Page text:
1) Chizkuni: Chezekiah ben Manoach, 13th Century, France
It doesn't mean to love your neighbor as yourself, because it is impossible to do that, rather the meaning of love is: to be good to them just as you would like that they would do to you.
2) Rambam: Moshe ben Maimon, Spain 1134-Egypt 1204
It is a commandment to all people to love each and every Jewish person as themselves, as it is written: "Love your neighbor as yourself" therefore people should say good things about others, and to be careful about others' money just as they would be careful about their own money, and desire honor for themselves.
3) Talmud: Tractate Shabbat 31a
It happened that a non-Jewish person came to [the head Rabbi] Shammai and said to him: "Take me as a convert, on condition that you teach me the entire Torah, all of it, while I stand on one foot." Shammai instantly drove him away with a builder's measuring rod...When the non-Jewish person came to [the other head Rabbi] Hillel, Hillel agreed to make him a convert, saying: "What you don't like, don't do to your neighbor--this is the entire Torah, all of it, the rest it commentary. Go and study.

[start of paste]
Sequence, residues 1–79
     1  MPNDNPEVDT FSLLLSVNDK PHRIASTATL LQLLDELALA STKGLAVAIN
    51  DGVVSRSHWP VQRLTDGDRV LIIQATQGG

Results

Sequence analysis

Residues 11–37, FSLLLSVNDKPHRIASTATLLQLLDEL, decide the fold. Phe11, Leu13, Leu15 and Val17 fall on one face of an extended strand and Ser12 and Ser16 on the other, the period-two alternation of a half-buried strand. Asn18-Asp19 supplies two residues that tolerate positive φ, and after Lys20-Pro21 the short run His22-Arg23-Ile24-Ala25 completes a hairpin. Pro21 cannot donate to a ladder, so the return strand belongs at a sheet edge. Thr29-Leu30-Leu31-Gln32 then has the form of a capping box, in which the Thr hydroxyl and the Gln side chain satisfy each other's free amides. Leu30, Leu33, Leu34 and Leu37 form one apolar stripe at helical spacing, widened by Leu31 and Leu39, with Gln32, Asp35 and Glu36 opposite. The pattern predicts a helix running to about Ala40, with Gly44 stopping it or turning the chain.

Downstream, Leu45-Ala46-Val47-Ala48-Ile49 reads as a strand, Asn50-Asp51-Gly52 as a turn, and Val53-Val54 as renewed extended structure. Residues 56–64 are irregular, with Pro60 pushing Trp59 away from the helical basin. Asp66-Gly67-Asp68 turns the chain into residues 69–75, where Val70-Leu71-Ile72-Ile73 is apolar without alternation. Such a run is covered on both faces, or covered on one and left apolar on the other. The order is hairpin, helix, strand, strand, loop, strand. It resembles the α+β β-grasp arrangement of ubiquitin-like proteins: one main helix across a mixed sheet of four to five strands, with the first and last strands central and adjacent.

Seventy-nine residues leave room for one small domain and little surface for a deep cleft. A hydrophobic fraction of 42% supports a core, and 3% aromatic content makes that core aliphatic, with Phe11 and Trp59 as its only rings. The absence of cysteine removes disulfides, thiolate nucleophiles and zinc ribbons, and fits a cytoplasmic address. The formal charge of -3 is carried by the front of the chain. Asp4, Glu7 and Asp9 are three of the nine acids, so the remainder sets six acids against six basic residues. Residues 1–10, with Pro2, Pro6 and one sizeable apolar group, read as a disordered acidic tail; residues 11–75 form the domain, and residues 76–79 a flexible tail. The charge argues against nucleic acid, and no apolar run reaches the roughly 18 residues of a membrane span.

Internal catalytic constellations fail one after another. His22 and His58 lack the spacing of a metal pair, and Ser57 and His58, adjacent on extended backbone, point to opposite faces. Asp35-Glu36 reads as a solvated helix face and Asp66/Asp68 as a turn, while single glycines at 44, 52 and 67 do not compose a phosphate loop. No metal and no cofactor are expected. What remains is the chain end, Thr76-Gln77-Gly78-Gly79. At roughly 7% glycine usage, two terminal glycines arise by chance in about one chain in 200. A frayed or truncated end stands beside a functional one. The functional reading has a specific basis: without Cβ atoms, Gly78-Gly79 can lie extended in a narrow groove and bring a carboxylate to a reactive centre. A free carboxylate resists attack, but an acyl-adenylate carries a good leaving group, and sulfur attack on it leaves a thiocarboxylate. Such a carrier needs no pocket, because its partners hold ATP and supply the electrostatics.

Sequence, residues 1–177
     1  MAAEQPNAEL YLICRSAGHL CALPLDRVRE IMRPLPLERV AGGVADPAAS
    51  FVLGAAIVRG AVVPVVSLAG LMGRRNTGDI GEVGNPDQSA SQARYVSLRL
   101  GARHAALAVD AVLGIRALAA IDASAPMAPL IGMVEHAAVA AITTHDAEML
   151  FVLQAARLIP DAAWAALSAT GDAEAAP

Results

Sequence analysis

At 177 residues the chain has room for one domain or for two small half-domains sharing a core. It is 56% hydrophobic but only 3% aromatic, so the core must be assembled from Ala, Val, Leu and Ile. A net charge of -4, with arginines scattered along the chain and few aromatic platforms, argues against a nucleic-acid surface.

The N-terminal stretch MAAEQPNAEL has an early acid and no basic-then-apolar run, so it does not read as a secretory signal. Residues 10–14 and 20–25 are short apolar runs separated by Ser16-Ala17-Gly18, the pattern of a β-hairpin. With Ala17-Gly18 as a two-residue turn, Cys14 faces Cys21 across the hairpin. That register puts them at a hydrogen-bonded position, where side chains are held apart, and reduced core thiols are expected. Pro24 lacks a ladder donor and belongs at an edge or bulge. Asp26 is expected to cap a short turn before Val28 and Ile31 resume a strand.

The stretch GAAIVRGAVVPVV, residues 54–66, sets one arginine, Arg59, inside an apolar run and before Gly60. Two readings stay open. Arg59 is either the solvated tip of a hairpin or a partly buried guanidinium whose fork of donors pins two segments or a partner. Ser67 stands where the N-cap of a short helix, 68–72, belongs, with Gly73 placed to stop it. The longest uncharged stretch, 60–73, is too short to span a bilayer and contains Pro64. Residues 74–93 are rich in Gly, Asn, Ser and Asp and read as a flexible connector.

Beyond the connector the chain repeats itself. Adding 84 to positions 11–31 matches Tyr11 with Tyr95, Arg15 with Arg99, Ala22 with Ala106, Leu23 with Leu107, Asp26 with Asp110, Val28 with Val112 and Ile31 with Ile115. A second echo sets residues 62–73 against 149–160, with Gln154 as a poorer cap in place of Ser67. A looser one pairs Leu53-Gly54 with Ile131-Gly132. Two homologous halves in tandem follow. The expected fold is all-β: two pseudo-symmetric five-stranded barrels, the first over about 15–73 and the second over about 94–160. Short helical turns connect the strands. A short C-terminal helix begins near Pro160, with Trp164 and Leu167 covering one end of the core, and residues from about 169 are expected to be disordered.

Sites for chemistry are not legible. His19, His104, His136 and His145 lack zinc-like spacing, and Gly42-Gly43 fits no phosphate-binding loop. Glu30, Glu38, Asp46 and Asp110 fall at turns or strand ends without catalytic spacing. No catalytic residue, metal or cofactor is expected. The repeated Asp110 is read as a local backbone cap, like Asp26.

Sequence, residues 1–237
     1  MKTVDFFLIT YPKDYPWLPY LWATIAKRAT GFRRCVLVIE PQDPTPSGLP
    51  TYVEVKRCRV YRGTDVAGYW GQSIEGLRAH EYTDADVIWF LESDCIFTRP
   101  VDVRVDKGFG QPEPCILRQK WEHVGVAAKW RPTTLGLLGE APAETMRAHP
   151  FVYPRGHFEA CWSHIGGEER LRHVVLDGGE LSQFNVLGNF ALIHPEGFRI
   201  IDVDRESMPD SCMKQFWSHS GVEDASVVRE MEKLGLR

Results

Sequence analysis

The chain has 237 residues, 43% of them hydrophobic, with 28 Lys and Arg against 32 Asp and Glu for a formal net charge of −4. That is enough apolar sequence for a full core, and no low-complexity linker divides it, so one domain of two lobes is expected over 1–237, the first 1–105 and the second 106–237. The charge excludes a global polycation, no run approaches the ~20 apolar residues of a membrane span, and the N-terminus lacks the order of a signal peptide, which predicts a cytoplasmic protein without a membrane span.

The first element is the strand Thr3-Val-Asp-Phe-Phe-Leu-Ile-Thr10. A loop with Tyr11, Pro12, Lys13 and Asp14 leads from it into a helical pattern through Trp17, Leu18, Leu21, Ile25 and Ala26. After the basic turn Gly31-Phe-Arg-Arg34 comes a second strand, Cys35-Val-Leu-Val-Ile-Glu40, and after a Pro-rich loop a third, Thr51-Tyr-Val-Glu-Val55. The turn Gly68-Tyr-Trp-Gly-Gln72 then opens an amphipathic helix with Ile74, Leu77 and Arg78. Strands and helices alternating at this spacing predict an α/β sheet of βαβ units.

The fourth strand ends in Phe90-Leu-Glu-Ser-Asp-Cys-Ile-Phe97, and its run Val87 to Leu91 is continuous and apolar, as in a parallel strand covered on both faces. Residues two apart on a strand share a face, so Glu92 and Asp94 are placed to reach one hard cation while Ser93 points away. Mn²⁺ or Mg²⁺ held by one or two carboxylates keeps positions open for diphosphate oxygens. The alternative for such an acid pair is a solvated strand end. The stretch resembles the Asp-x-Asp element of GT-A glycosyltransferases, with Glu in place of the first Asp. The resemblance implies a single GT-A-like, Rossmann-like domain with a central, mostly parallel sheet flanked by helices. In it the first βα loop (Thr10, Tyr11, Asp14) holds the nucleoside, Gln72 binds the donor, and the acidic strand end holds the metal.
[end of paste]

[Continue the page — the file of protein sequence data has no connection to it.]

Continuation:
4) Kli Yakkar: Shlomo Efraim Luntschitz, Poland (1550-1619)
Certainly, in the case of the convert he asked [not to say all the mitzvot while standing on one foot, rather to] stand all the mitzvot in the Torah on one founding principle...so that they [the mitzvot] wouldn't be forgotten. In response, Hillel taught him "Love your neighbor as yourself."